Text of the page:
Cuba LibreGMT Games
Cuba LibreGMT Games
In December 1956, paroled rebel Fidel Castro returned to Cuba to launch his revolution with virtually no political base and—after a disastrous initial encounter with government forces—a total of just 12 men. Two years later, through masterful propaganda and factional maneuver, Castro, his brother Raúl, and iconic revolutionary Che Guevara had united disparate guerrillas and exploited Cubans’ deep opposition to their dictator Fulgencio Batista y Zaldívar. Castro’s takeover of the country became a model for Leftist insurgency.
Following up on GMT Games’ Andean Abyss about insurgency in modern Colombia, the next volume in the COIN Series, Cuba Libre, takes 1 to 4 players into the Cuban Revolution. Castro’s “26 July Movement” must expand from its bases in the Sierra Maestra mountains to fight its way to Havana. Meanwhile, anti-communist student groups, urban guerrillas, and expatriates try to de-stabilize the Batista regime from inside and out, while trying not to pave the way for a new dictatorship under Castro. Batista’s Government must maintain steam to counter the twin insurgency, while managing two benefactors: its fragile US Alliance and its corrupting Syndicate skim. And in the midst of the turmoil, Meyer Lansky and his Syndicate bosses will jockey to keep their Cuban gangster paradise alive.
COIN Series, Volume II
Cuba Libre will be easy to learn for Andean Abyss players—both volumes share the same innovative GMT COIN Series system. Like Volume I, Cuba Libre is equally playable solitaire or by multiple players up to 4—and with a shorter time to completion than Andean Abyss. But Cuba Libre’s situation and strategic challenges will be new. A deck of 48 fresh events brings 1950s Cuba to life and includes …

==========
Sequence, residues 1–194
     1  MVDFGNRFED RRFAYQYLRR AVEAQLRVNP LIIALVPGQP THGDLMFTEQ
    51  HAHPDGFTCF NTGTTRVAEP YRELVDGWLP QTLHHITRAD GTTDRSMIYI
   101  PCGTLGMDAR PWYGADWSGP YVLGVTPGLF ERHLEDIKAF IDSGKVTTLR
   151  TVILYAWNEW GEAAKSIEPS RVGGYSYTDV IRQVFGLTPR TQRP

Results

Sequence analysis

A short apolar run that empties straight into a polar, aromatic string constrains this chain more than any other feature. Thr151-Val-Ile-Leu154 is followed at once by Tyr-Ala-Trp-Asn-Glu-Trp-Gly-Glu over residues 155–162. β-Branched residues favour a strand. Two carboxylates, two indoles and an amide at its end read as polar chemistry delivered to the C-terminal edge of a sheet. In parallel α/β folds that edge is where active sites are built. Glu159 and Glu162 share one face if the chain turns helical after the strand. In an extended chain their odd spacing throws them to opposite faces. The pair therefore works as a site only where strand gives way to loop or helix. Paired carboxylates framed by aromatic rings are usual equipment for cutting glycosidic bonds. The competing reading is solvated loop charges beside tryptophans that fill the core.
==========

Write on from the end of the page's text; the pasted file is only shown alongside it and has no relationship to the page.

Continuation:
• The Twelve: The first wave’s escape to the Sierra Maestra—inspirational legend or harbinger of defeat?
• El Che and Raúl: Brilliant in the field, or bungling hostage-takers?
• Operation Fisherman: Can the rebels pull off a second invasion?
• General Strike: Urban disruption or rebel embarrassment?
• Radio Rebelde: Are the masses tuning in, or just the Army direction finders?
• Pact of Caracas: Can the rebels unite?
• Armored Cars: Mobile striking power, but in whose hands?
• Rolando Masferrer: Brutal pro-government tactics—will they help or hurt?
• Fat Butcher: Can the Mob’s enforcer protect its casinos?
• Sinatra: Frankie’s Havana show a boom or bust, and who collects?
… and much more.
New twists match the COIN Series system to the situation in 1950s Cuba:
• It’s the insurgents who build lasting capabilities, while the Government is limited to fleeting bursts of momentum.
• The Syndicate’s bases are Casinos—expensive to build, but so important to Cuba no army will destroy them.
• Syndicate special activities include calling in the “muscle” of Government troops and police to protect mob assets.
• Stacks of Syndicate cash awaiting launder can fall in anyone’s hands—even the corrupt Government’s.
• The Government has its own terror tactic—reprisals—and can skim a portion of Syndicate profits.
• The eroding US Alliance with Batista overshadows all Government actions, not just through aid levels but also through the day-to-day ability of troops and police to operate.
• Even if Batista flees, the struggle may not end—the counterrevolutionary government may even become stronger!
Multiplayer, 2-Player, Solitaire
Cuba Libre provides up to 4 players with contrasting roles and overlapping victory conditions for rich diplomatic interaction. For 2- or 3-player games, players can represent alliances of factions, or the game system can control non-player factions . Or a single player as the Cuban Revolutionaries can attempt to topple Batista and seize power for themselves. The non-player sides will fight one another as well as the players, but too much power in the hands of any one of them will mean player defeat.